What do you do when you don’t want to watch the ad before the YouTube video you just found? You simply skip it.
We take it for granted these days, as already three out of four ads in YouTube videos around the world are skippable. But putting consumers in control of what they watch has been one of the biggest revolutions in advertising in recent times.
The benefit for the viewer is obvious; they can get straight to the content they want to watch if the ad isn’t relevant to them. But advertisers benefit too, because they only pay if their ad is watched in full or for more than 30 seconds.
Recently, we’ve also seen signs that this little ‘skip’ button is becoming as well known as other iconic web buttons, like ‘send’ and ‘like’. What gave it away? Creatives are embracing the skip functionality in the ads themselves, as a way of helping their ads stand out from the online and traditional TVC crowd.
Here are some of my current favourite examples of video ads from Australia and over the ditch that are getting super creative with YouTube’s skip button.
Allianz Insurance’s ‘One trusted partner’ shows a guy who presses a ‘be ok’ button after he smashes his car against his garage wall. Miraculously, time is rewound and his car is okay again. The button he clicks resembles the YouTube 'skip ad' button right below it, and when the viewer clicks the ‘be ok’ button before the actor does, the viewer herself is rewinding the time in the video. This is a clever way to get your audience playing and interacting with your creative.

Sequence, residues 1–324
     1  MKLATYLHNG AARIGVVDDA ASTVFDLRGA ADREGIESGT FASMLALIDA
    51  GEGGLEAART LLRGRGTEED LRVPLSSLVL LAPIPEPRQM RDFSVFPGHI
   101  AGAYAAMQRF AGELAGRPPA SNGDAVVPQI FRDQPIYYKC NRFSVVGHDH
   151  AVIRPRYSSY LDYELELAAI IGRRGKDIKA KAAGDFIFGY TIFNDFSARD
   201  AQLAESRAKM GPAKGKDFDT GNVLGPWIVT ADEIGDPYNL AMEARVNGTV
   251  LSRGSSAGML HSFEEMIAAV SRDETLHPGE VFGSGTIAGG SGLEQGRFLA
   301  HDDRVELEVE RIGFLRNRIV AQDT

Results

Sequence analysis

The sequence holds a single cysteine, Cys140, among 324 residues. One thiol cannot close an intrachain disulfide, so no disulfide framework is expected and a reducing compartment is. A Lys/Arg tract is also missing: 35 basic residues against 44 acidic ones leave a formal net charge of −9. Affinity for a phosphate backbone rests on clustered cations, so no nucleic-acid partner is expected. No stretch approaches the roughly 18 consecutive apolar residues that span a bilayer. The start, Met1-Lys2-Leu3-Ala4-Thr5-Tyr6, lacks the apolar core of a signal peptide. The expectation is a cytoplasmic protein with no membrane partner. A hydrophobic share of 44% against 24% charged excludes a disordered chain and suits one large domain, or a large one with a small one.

The Australian Federal Government’s recent campaign ‘Stop before the suffering starts’ to help people quit smoking is not for the faint-hearted. The latest video ad shows a smoker in bed struggling to breathe, and the video boldly claims that “you can skip this ad but you can’t skip suffering years from emphysema”. This shows just how much we’ve come to know and rely upon skippable ads.
Having the 'skip' option also means this ad creates a good user experience (given that a lot of people are non-smokers and it won’t be relevant to them) and it also means the government is not using the taxpayer’s money for irrelevant views. Still, more than 1.3 million people have actively chosen to watch this ad.
Over the ditch, Kiwibank Business Banking claims that its products will save businesses time and money. With its latest video ad, it turns all advertising rules on their heads. The ad directly asks the viewer to skip as it will “save the viewer time” – and “Kiwibank money”. And this is all done in the first five seconds of the ad, which is free for the bank as an advertiser. Very Kiwi, very tongue-in-cheek. Can you imagine such an ad on TV or radio?
These are just three examples of out-of-the-box thinking and engaging creative turning a potential challenge into a point of difference to their competitors. What can you come up with?